REGISTERING for her MBA at Wits Business School was a dream realised for Maggie Ditabane but that dream would turn to a nightmare only a month later.
Ditabane started her MBA in January 2016 and was diagnosed with ovarian cancer a month later.
“My doctor saw tumours and decided to operate immediately, only to find out that they were cancerous,” she said. While recovering from the surgery, Ditabane was faced with the difficult choice of choosing to continue with her MBA or giving up on her dream. With the looming start of six-month long chemotherapy treatment hanging over her like a broody cloud, she chose to continue with her MBA.
“It took lots of planning,” she said. “I had to balance my chemo sessions with my timetable, in order to minimise losing out on lectures.” She said it takes her four to five days to recover from a chemo session.
“I’ve been very lucky and so blessed that my reaction to the chemo is mild compared to the general population,” she said. This mild reaction helped she said because it allowed her to be back in class faster.
Prioritising has been the key to Ditabane’s demanding year. She focuses her energies into getting class done, then her treatment and her newly started consulting business.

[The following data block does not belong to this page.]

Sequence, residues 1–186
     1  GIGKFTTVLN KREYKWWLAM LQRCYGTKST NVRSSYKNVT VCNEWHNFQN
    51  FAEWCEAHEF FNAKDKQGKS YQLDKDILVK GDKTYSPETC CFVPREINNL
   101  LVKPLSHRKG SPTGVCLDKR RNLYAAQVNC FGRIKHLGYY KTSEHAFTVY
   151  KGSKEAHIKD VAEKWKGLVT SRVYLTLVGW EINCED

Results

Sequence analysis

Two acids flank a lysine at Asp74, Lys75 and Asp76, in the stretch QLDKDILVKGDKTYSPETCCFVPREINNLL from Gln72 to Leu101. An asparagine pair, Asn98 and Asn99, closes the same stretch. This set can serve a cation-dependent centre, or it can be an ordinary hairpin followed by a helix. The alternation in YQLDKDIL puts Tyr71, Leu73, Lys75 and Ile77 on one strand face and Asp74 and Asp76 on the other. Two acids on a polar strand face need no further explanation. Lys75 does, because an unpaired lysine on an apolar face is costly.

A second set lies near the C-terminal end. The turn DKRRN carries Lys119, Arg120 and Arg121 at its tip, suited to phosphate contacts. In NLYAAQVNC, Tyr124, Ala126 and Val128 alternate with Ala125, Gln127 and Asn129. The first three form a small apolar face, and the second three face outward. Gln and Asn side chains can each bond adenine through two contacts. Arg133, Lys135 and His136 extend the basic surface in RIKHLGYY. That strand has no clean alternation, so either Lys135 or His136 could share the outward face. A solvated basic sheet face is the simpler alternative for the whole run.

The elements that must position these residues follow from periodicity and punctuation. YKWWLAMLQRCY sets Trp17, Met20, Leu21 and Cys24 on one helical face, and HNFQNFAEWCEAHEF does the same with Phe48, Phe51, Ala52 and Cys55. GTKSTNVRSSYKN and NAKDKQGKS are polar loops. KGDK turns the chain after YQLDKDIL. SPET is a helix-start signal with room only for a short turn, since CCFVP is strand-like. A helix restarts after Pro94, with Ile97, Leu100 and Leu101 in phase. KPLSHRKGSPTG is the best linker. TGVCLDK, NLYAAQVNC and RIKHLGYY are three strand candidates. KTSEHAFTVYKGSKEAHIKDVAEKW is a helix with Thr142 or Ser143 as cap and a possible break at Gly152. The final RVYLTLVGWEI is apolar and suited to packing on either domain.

“I wake up at 3am every morning, to give myself more time to do things,” she says proudly. “Every hour is important.” Her new company started out facilitating training for companies but she says it’s expanding to include debt cancelling and a call centre.
“My focus is how do I own my time? How do I create wealth?” she said. “I can’t let fear control me.” The mother of two young daughters attributes her overcoming the past year’s events and success to God.
“I spend an hour in prayer when I wake up,” she said.
Ditabane will finish her chemotherapy this month and focus on school and her new entrepreneurial endeavours.